Thursday, December 27, 2012

The Taxman Cometh

Christmas is barely over and the new year hasn't even come, so why do I want to spoil your holidays with the word "taxes"?

Because I'm a sadist.

Actually, I'm just someone who doesn't believe in waiting until the last minute.

This post isn't about how to convince the IRS that writing is your business. I wrote about that on March 25, 2010.

Nor does it talk about deducting your home office expenses. That post was dated December 23, 2010.

It's about Social Security taxes.

Last spring a writer friend e-mailed me because he didn't want to believe what his accountant told him. Unfortunately, his accountant was right. My friend had to pay Social Security taxes on the advance from his debut novel.

Actually, the technical term, and the one the accountant probably used, is "self-employment taxes." The self-employment tax is a Social Security and Medicare tax for self-employed individuals. And when you write as a freelancer, you are self-employed.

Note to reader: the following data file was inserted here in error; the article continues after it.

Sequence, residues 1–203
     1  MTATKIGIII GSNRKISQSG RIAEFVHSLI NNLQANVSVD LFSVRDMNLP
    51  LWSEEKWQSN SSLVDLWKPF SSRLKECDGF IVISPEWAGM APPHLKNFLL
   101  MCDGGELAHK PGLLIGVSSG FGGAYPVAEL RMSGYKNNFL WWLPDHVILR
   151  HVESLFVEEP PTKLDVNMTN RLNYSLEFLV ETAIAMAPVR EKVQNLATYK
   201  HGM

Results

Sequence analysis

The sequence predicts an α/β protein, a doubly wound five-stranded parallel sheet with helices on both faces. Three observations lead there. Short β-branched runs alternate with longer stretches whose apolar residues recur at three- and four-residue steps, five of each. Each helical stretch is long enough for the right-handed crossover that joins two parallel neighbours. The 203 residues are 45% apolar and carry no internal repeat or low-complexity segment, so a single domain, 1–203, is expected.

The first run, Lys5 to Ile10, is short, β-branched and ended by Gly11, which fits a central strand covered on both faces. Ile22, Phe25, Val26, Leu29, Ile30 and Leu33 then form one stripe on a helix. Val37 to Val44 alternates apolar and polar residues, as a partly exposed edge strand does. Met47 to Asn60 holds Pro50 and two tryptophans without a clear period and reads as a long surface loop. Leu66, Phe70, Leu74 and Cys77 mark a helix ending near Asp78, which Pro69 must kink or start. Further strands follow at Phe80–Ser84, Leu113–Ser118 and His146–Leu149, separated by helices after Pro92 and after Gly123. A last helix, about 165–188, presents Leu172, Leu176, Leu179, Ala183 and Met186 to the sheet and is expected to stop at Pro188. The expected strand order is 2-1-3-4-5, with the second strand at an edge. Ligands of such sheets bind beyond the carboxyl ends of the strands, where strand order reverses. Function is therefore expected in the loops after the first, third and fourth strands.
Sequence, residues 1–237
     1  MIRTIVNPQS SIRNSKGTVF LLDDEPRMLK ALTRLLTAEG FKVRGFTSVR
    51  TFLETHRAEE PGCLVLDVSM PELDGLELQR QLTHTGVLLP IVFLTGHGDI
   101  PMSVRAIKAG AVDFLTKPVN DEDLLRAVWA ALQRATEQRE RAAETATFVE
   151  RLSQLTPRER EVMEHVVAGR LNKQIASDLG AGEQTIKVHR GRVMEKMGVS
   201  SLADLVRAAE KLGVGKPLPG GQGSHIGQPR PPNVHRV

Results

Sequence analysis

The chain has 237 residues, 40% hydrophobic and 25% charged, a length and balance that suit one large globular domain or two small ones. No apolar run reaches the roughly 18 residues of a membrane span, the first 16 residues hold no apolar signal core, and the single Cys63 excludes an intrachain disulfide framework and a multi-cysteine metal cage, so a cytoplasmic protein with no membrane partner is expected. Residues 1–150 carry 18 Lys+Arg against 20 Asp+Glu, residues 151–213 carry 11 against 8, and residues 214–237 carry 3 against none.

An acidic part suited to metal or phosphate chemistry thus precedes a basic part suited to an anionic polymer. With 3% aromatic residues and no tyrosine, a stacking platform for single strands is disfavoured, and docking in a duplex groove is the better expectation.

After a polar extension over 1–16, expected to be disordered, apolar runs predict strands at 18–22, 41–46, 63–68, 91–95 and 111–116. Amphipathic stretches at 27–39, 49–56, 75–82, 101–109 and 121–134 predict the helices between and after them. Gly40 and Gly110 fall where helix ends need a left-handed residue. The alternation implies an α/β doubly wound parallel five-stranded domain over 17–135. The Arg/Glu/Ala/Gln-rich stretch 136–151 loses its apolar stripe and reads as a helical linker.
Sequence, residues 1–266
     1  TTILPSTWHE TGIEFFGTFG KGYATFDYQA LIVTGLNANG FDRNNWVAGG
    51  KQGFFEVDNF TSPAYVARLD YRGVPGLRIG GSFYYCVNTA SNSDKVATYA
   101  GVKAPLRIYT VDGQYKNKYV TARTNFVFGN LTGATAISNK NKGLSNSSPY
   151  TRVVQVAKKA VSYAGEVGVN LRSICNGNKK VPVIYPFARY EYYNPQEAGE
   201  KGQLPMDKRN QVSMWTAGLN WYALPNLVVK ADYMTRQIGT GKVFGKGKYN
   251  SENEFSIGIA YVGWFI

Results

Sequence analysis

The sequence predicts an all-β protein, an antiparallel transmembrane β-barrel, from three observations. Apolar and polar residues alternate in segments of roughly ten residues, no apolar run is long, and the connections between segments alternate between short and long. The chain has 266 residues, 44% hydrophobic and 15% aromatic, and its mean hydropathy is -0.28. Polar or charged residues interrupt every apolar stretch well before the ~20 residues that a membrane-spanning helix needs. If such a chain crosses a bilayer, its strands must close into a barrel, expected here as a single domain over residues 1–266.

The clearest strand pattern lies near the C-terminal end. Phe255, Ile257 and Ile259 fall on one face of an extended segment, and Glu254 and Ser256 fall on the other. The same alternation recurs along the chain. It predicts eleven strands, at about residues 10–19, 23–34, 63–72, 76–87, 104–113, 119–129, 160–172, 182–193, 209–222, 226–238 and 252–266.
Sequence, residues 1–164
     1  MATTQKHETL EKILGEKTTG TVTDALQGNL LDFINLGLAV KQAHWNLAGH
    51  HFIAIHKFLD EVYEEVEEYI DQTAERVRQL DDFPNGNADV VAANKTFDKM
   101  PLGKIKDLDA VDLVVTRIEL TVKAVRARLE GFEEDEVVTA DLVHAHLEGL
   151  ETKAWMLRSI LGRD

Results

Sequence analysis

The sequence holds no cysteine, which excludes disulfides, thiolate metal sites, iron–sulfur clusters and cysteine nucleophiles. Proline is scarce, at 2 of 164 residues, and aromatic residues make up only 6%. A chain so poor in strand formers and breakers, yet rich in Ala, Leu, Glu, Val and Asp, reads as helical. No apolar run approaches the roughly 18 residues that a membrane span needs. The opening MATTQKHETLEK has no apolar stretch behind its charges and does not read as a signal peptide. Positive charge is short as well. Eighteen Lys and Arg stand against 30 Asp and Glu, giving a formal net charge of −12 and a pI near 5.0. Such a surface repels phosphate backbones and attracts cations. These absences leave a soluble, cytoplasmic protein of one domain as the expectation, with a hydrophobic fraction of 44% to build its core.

If you make more than $400 from your writing business, you must pay the self-employment tax. This is in addition to your income tax.

Fortunately, the $400 floor is net, not gross, so you don't have to pay when you have some income but still lose money. But if you make enough, you have to pay even if you are already receiving Social Security benefits.

Because Uncle Sam will get you if you don't.

Kathryn Page Camp

1 comment:

  1. Thank you, Kathryn, for giving an excellent reason to be thankful for being an unpublished author.